The decades-old ban on U.S. oil exports may be coming to an end.

Congressional leaders brokered an agreement late Tuesday on an omnibus spending bill that would include a repeal of the ban. The House released the full 2,009-page appropriations bill early Wednesday morning.

According to analysts and multiple news reports, an end to the ban -- a priority for the GOP and the industry -- became a bargaining chip in budget negotiations when Democrats agreed to include it in the omnibus in exchange for tax credit extensions for renewable energy.

In a press conference Wednesday morning, House Speaker Paul Ryan (R-WI) said he expects the omnibus bill -- along with an accompanying tax bill -- to pass with bipartisan support. Responding to a question about whether Republicans secured enough in negotiations, Ryan highlighted the export ban as a major policy victory.

“I’m very proud of what we’ve been able to achieve. Look, ending the 40-year ban on oil exports, do you know what that does for our foreign policy, what that does for job creators, what that does for infrastructure? It’s huge,” Ryan said. “It’s permanent policy that’s good for American foreign policy, good for energy, good for jobs [in exchange] for temporary measures. I think that’s very good.”

Sen. Heidi Heitkamp (D-ND), a vocal supporter of lifting the ban, likewise celebrated the budget deal.

Heitkamp described the legislation as “a huge win for North Dakota” as the state’s Bakken Shale is one of the biggest oil producing regions in the country. She also highlighted aspects of the compromise that appeal to Democrats, including a five-year extension of the Solar Investment Tax Credit and a five-year extension of the Production Tax Credit for wind energy.

“A year ago, most people couldn’t fathom such rapid progress to overturn the ban on exporting oil, but I continued to say that if both sides are willing to negotiate, we can make this commonsense policy change happen -- and that’s exactly what made this announcement that supports American economic growth and national security possible,” Heitkamp said. “Now Congress needs to keep working together and pass this bill.”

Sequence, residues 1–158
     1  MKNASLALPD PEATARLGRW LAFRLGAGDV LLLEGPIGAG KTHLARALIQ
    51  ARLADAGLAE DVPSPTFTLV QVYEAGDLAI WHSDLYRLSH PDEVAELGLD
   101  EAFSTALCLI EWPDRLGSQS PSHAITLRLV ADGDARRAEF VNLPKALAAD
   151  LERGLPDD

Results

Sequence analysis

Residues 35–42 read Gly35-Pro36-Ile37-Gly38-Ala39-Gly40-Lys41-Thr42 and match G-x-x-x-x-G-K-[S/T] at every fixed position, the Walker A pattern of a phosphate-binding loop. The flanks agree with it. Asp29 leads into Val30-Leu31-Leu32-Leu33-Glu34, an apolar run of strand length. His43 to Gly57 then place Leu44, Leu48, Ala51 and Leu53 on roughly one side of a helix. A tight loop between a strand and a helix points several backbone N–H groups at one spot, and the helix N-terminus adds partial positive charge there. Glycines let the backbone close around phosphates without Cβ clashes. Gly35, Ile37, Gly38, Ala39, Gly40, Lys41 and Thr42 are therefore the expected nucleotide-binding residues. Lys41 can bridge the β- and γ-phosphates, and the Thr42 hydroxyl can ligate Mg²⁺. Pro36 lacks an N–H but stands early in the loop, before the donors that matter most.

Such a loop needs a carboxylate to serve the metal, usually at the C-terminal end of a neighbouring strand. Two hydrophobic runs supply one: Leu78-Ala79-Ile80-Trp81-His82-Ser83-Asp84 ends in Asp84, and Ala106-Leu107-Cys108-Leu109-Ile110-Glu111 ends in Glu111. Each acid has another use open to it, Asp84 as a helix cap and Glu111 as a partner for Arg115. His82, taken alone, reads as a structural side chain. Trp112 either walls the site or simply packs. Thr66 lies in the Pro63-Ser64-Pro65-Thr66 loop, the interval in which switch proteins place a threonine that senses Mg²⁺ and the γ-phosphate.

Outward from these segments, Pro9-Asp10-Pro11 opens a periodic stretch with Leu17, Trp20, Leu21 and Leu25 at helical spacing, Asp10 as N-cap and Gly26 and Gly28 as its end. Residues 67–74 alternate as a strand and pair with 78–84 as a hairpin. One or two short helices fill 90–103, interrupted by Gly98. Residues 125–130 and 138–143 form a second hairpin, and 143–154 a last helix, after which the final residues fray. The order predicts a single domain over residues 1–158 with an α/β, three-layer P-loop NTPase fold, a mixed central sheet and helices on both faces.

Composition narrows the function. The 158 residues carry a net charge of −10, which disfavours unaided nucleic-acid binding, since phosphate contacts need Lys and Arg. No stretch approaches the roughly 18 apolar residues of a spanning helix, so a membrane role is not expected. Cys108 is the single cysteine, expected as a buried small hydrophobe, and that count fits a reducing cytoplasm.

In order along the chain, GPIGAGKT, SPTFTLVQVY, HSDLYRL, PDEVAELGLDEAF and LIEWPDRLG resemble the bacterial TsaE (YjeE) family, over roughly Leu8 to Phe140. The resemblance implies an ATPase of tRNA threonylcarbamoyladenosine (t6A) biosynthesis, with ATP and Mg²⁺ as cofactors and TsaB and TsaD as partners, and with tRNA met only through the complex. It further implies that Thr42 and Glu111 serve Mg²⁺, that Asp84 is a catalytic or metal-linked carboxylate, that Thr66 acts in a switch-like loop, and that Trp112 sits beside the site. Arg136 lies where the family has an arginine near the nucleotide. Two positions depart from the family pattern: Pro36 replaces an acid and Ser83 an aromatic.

Ryan said the House is scheduled to vote on the omnibus bill Friday.

In a letter to congressional leaders Wednesday, American Petroleum Institute CEO Jack Gerard praised the appropriations deal and said “lifting the ban on crude oil exports is critical to the American energy renaissance.

“Extensive research has determined that lifting the ban on U.S. crude oil exports would create American jobs, bolster the U.S. economy and benefit consumers,” he wrote. “According to various studies, lifting the ban would create one million jobs at its peak in 2018, and add $38 billion to our economy, and lower our trade deficit by $22 billion and our federal budget deficit by $1.4 billion in the coming years.”

Environmental advocates criticized the deal Wednesday. policy director Jason Kowalski called ending the ban “a setback” in efforts to curb the use of fossil fuels.

“Supporters of climate action in Congress need to realize that caving on the oil export ban is like a group of firefighters giving an early Christmas present to local arsonists,” Kowalski said.

As recently as two weeks ago, analysts deemed it unlikely that the current Congress would repeal the oil export ban (see Daily GPI, Dec. 3). But the outlook changed as budget negotiations heated up on Capitol Hill and talk of lifting the ban as part of a compromise grew louder.

While an end to the ban is undoubtedly a victory for the industry, analyst sentiment on any immediate price uplift appears bearish at the moment.

“For oil prices, we don’t necessarily see this as a near-term spark for domestic oil price recovery as U.S. production is declining,” Tudor, Pickering, Holt & Co. (TPH) said in a note released Wednesday. West Texas Intermediate oil prices have “traded well under transportation cost economics since mid-2015...thus there’s limited economic reason for any domestic crude to leave U.S. shores at this point. Perhaps a long-term win for producers, but limited near-term impact on U.S. crude oil prices or relief on current upstream dynamics.”

TPH analysts expect the oil export bill to have “no significant economic impact on U.S. refiners.”

ESAI Energy LLC said in a memo the “global surplus and low global prices will limit if not prevent any net increase in U.S. crude exports” until 2018 at the earliest.

“Ironically, in 2016, when U.S. production will fall heavily and offer the most probable path to higher prices, the right to export will be granted,” ESAI said. “Republican legislators must recognize that a significant increase in exports is unlikely in the current market, but that greater trading flexibility within the global market will benefit U.S. producers in the long run.”

Echoing the sentiments of other analysts, Brookings Institution senior fellow Charles Ebinger told NGI’s Shale Daily on Tuesday that he would expect to see limited market impact from lifting the ban, with the United States exporting in the range of 50,000-100,000 b/d (see Shale Daily, Dec. 15).

Ebinger described the immediate practical effect of lifting the ban as “a collective sigh of nothingness after the contentiousness of debates the last several years.”